Hospital trust to develop AI tool for translating medicines information

The technology will translate medicine instructions into different languages to improve medicines adherence and patient safety.
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An artificial intelligence tool is being developed by a hospital trust in Manchester to help translate medicines information for people who speak languages other than English.

The £59,000 proof-of-concept project has been signed off by Manchester University NHS Foundation Trust and is aimed at reducing hospital visits and improving patient outcomes.

A spokesperson for the trust said it had been testing AI technology “to see if we can translate medicine instructions into different languages and allow a supported conversation using the tool alongside a clinician”.

The tool would be used by clinicians to help guide conversations with patients, who do not speak English as their first language, about taking their medicines correctly.

“Our hope for the system is to support people, who don’t speak English as their first language, to take their medications as per the prescriber’s intent.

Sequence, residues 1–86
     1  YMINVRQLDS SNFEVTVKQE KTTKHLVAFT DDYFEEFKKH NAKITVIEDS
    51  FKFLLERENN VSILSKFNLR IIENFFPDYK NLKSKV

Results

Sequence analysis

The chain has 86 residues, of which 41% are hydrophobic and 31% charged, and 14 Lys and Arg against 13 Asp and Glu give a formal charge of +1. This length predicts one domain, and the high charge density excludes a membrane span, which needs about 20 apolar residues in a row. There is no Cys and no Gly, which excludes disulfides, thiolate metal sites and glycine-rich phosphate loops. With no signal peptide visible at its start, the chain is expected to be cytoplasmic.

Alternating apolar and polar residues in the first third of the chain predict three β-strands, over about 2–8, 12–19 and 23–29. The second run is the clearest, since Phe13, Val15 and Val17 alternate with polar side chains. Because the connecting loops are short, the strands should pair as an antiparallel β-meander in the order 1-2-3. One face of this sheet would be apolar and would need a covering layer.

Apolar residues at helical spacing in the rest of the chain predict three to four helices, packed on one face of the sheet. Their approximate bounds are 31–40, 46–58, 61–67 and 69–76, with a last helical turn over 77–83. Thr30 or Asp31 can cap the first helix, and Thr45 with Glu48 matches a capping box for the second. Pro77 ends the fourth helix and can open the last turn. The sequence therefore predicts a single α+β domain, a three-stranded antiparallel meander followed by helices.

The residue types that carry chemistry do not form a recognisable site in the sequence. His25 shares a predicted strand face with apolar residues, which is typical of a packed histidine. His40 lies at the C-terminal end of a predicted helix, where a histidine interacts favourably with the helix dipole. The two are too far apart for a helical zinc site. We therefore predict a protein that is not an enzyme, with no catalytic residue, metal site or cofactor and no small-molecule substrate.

“This in turn will improve their outcomes and hopefully reduce the need for added assistance from medical professionals or visits to A&Es.”

Data from the England and Wales 2021 census show the number of non-proficient English speakers across England and Wales is increasing and exceeded 1 million people in 2021​.

NHS England guidance for healthcare commissioners, published in 2021, states that a patient’s language and communication requirements should not impact the quality of care they receive when accessing healthcare services.

Previous reports have noted that an improvement in how the NHS manages language barriers could help reduce health inequalities.

Studies have also shown that communication difficulties owing to language barriers can contribute to poor medicines adherence and increased patient safety risk.

Commenting on the development of the AI tool, Claire Anderson, president of the Royal Pharmaceutical Society, said: “Patients need to receive care and medicines advice in a format and language that they understand, to ensure that they are able to take their medicines correctly and safely, avoiding any unnecessary complications. 

“Language barriers have the potential to lead to misunderstandings and inaccuracies on how to take medicines; this has an impact on patient wellbeing and can worsen health inequalities. 

“Pharmacists provide medicines advice to patients from diverse backgrounds within the communities they serve.

“To help support these conversations, improving support and resource for translation services is vital to help patients understand how to take their medicines safely and effectively.”

Last updated
The Pharmaceutical Journal, PJ, June 2024, Vol 312, No 7986;312(7986)::DOI:10.1211/PJ.2024.1.320041

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